Negron v. Turco

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Justia Opinion Summary

The Supreme Judicial Court affirmed the judgment of the single justice of the court denying Petitioner's petition for relief pursuant to Mass. Gen. Laws ch. 211, 3, holding that the single justice did not err or abuse the justice's discretion in denying relief.

In his petition, Petitioner sought interlocutory relief from "undue delays" and "unreasonable decision[s]" by superior court judges in two civil cases in which he was a plaintiff and then requested that action on his petition be postponed due to circumstances related to the COVID-19 pandemic. The single justice denied the petition. The Supreme Judicial Court affirmed, holding that Petitioner failed to establish why the trial court's decision could not adequately be obtained on appeal or by other available means.

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NOTICE: All slip opinions and orders are subject to formal revision and are superseded by the advance sheets and bound volumes of the Official Reports. If you find a typographical error or other formal error, please notify the Reporter of Decisions, Supreme Judicial Court, John Adams Courthouse, 1 Pemberton Square, Suite 2500, Boston, MA, 02108-1750; (617) 5571030; SJCReporter@sjc.state.ma.us SJC-13097 JOSÉ L. NEGRÓN vs. THOMAS A. TURCO. December 9, 2021. Supreme Judicial Court, Superintendence of inferior courts. The petitioner, José L. Negrón, appeals from a judgment of a single justice of this court denying his petition for relief pursuant to G. L. c. 211, § 3.1 We affirm. Negrón sought interlocutory relief from "undue delays" and "unreasonable decision[s]" by judges in two civil cases pending in the Superior Court in which he is a plaintiff. In his twopage petition filed in the county court, Negrón also requested that action on his petition be postponed due to circumstances related to the COVID-19 pandemic. A single justice of this court denied the petition without a hearing and without reference to Negrón's request for postponement. Following the entry of judgment, Negrón filed a "motion for leave to proceed with interlocutory appeal" in the county court, along with an affidavit in support and multiple exhibits, which the county court apparently treated as notice of appeal from the judgment of the single justice. The case is now before us pursuant to S.J.C. Rule 2:21, as amended, 434 Mass. 1301 (2001), which requires a petitioner seeking relief from an interlocutory ruling of the trial court to "set forth the reasons why review of the trial court decision cannot adequately be obtained on appeal from any final adverse The pleading filed in the county court was entitled "Interlocutory Appeal et al. Civil Rights Effected." The single justice treated the filing as a petition pursuant to G. L. c. 211, § 3. 1 2 judgment in the trial court or by other available means." Negrón has failed to meet that burden here. In his memorandum before this court, Negrón offers additional argument regarding his claims that the interlocutory rulings in his civil cases have been unreasonable and deprived him of substantial rights, with particular emphasis on a claim that one of the Superior Court judges involved in his cases is biased against him and therefore erred in denying Negrón's motion for recusal. Absent from Negrón's memorandum, however, is the required showing that review of these interlocutory rulings, including the denial of the motion for recusal, is unavailable on appeal from an adverse judgment or by other means.2 Negrón could have sought -- and in some instances did seek -- relief from the Superior Court's interlocutory rulings before a single justice of the Appeals Court. See Negrón v. Commissioner of Correction, 483 Mass. 1034, 1034 & n.4 (2020) (noting that Negrón was pursuing relief before Appeals Court single justice from order requiring service of process by certified mail). Review by an Appeals Court single justice is available in circumstances like these at the time such rulings are made, see G. L. c. 231, § 118, first par., and Negrón will also have the right to challenge those rulings on appeal to the Appeals Court from any adverse final judgment in the Superior Court. See Ainooson v. Department of Correction, 474 Mass. 1007, 1007 (2016). Likewise, with respect to Negrón's claim of judicial bias, we have held that such a claim can be adequately addressed on appeal from an adverse final judgment. See Murphy v. Superior Court, 484 Mass. 1006, 1007 (2020); Jian Jiang v. Qilun Liu, 481 Mass. 1024, 1024 (2019). Negrón having failed to meet his burden under rule 2:21 to set forth reasons "why review of the trial court decision cannot adequately be obtained on appeal from any final adverse judgment in the trial court or by other available means," we affirm the judgment of the single justice denying relief. Judgment affirmed. Negrón also faults the single justice of this court for failing to acknowledge his request for postponement and for ruling on his petition without providing him the opportunity to file additional briefing. Given our disposition of this matter based on the petitioner's failure to meet his burden under rule 2:21, we do not reach these issues. 2 3 The case was submitted on the papers filed, accompanied by a memorandum of law. José L. Negrón, pro se.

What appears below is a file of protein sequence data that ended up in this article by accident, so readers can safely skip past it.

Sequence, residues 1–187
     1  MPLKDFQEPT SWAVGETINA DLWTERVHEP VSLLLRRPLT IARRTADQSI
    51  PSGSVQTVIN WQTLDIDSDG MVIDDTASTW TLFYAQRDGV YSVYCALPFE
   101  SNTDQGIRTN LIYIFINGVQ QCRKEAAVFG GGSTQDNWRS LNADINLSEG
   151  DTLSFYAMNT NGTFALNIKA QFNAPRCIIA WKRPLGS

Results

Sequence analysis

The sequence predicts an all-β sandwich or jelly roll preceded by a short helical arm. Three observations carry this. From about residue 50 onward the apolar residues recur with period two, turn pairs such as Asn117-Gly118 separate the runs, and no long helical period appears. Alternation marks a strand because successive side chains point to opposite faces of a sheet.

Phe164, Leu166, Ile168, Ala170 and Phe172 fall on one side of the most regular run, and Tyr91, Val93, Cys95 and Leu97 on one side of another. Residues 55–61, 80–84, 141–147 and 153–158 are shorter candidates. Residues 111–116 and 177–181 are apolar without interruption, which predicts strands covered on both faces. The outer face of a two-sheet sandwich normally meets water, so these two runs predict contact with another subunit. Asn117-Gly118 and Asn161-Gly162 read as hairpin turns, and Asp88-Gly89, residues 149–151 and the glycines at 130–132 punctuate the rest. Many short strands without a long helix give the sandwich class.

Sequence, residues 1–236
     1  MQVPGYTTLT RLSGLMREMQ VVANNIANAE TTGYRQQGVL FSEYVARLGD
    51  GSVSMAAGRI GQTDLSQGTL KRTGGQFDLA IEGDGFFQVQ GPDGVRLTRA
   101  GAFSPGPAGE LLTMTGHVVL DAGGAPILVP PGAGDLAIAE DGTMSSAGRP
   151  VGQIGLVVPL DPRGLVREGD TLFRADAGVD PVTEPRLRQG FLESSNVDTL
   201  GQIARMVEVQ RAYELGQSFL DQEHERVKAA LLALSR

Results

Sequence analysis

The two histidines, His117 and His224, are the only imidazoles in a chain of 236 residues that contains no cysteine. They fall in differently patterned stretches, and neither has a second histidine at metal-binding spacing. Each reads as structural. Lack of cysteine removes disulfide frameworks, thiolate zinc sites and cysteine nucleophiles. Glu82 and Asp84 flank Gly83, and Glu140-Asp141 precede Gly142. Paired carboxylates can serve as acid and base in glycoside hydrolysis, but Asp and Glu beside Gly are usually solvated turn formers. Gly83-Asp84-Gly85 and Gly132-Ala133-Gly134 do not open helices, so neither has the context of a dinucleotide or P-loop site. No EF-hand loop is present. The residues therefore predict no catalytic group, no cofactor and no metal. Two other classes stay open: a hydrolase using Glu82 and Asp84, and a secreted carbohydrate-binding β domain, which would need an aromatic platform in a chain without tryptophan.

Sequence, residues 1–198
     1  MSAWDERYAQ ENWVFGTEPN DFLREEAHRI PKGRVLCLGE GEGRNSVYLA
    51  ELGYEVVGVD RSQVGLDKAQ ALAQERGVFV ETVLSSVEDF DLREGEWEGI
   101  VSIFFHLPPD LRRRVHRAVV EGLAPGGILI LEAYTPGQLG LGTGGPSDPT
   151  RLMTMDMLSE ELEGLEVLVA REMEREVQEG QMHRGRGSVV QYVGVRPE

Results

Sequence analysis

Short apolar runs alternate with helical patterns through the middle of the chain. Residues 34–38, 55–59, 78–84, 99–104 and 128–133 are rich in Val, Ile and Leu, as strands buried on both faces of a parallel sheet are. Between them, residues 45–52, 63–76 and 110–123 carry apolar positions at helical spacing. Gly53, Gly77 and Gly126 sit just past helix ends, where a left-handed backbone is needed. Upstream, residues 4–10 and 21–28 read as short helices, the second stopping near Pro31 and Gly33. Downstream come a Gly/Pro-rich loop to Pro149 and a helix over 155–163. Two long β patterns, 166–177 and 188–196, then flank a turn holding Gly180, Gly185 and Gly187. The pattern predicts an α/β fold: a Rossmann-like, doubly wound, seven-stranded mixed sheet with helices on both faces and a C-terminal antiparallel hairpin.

Primary Holding
The Supreme Judicial Court affirmed the judgment of the single justice of the court denying Petitioner's petition for relief pursuant to Mass. Gen. Laws ch. 211, 3, holding that relief was properly denied.

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